Many people are frightened when they hear the term palliative care. For many, it means that death is near—the doctors have given up trying to cure the disease. Although this is a commonly held belief, it's a misconception.

The confusion stems from the fact that the terms "hospice care," which is provided at the end of life and "palliative care" are often used interchangeably. While palliative care is an important part of hospice care, in reality, it can enhance your treatment plan at any stage—even if you’re still being treated on an outpatient basis and curing your disease is the goal. The problem is that palliative care, also known as "comfort care" or "supportive care," is so strongly associated with the end of life—by many patients and health care professionals—that it's typically initiated too late to have a meaningful effect on quality of life. Fortunately, efforts are underway to reverse that trend.

Palliative care is any form of treatment that focuses on:

  • Preventing and relieving suffering, but the intent of the care is not to cure the disease
  • Achieving the best possible quality of life
  • Providing psychological, social, spiritual and decision-making support

Palliative care is available for individuals with serious, life-threatening illnesses and their family members. It is not necessarily exclusive of life-prolonging treatment; rather, it can be integrated into a disease-fighting treatment plan.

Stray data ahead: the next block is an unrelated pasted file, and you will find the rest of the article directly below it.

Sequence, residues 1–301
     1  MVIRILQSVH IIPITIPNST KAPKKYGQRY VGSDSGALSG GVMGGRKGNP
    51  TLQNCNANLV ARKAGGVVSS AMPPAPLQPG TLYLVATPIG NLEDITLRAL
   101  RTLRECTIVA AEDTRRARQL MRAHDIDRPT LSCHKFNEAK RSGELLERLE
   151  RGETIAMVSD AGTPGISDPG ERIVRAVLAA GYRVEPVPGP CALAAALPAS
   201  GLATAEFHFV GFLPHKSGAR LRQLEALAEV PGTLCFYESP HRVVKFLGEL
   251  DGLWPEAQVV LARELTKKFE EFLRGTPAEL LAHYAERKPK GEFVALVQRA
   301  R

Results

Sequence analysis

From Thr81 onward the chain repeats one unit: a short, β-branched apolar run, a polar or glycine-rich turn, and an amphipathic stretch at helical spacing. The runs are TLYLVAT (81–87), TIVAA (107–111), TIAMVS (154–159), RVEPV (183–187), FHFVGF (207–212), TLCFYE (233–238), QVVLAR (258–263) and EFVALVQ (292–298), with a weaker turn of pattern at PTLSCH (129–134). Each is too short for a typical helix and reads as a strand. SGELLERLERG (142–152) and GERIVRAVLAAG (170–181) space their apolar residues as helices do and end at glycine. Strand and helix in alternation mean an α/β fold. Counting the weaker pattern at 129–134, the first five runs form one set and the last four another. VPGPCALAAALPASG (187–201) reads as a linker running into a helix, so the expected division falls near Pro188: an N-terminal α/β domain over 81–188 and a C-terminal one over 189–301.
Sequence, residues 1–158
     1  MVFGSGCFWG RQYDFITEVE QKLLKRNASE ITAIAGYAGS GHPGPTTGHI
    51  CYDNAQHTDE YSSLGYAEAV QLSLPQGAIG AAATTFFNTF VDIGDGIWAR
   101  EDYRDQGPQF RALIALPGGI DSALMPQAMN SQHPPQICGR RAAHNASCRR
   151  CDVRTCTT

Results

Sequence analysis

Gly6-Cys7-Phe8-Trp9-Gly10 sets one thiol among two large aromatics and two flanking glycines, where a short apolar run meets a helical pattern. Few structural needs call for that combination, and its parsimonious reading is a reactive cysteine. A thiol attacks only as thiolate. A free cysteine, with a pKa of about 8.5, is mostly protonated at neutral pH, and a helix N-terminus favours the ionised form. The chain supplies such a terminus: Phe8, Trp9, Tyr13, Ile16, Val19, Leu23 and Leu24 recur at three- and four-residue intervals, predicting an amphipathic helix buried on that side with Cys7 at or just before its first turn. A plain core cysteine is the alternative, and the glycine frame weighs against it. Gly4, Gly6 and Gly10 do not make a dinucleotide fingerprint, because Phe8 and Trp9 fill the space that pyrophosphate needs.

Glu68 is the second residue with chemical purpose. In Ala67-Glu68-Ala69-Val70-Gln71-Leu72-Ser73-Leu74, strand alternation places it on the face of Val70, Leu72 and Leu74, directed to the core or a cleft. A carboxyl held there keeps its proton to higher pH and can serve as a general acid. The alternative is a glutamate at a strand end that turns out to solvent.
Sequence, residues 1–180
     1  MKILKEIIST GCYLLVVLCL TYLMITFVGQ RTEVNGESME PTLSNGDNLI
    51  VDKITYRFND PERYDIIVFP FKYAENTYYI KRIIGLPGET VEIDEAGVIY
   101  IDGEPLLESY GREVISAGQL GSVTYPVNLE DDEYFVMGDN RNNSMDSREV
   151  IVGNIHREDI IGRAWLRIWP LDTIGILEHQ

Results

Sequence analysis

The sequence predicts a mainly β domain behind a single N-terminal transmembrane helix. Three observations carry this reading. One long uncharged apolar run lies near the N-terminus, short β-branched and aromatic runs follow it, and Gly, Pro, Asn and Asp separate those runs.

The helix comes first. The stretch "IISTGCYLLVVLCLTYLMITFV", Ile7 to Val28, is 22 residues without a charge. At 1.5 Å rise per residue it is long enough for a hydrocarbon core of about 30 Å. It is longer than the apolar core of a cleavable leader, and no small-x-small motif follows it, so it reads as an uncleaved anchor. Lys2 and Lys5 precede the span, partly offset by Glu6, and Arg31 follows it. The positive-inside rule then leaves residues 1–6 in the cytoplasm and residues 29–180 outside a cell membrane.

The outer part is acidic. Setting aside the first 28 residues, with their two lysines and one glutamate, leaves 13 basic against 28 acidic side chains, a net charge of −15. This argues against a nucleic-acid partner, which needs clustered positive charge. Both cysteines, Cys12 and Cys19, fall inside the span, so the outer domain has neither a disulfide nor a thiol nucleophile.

Often, palliative care specialists work as part of a multidisciplinary team, which may include doctors, nurses, registered dieticians, pharmacists, social workers, psychologists and hospital chaplains. These team members work together to coordinate—and individualize—care to:

  • Reduce pain and discomfort. Serious illnesses (and their treatments) may cause pain, fatigue, loss of appetite, nausea, shortness of breath, pneumonia and insomnia. Many of these symptoms can be relieved with medication, nutritional therapy, physical therapy or deep breathing techniques. Chemotherapy, radiation or surgery can also be used as palliative measures to improve quality of life in people with cancer by shrinking a tumor, slowing its spread or removing it. Useful non-drug treatments may include acupuncture, relaxation techniques, biofeedback and massage therapy.
  • Address emotional concerns. Palliative care specialists can help you and your family members cope with depression, anxiety, fear and other difficult emotions that often accompany diagnosis and treatment for life-threatening illness. They may provide counseling, recommend support groups, hold family meetings or make referrals to mental health professionals.
  • Explore spiritual matters if desired. Serious illnesses can trigger questions of faith. A counselor with expertise in palliative care can help you explore your beliefs and values. He or she may also refer you to a hospital chaplain or faith-based organizations in the area.

Other aspects of palliative care include coordinating care across a range of settings (hospital, home, nursing home and hospice), as well as arranging help with finances, medical forms, legal documents and advance directives. Your team may also direct you toward local and national resources for assistance with issues such as transportation or housing.

Publication Review By: Peter B. Terry, M.D., M.A.

Published: 14 Aug 2013

Last Modified: 14 Aug 2013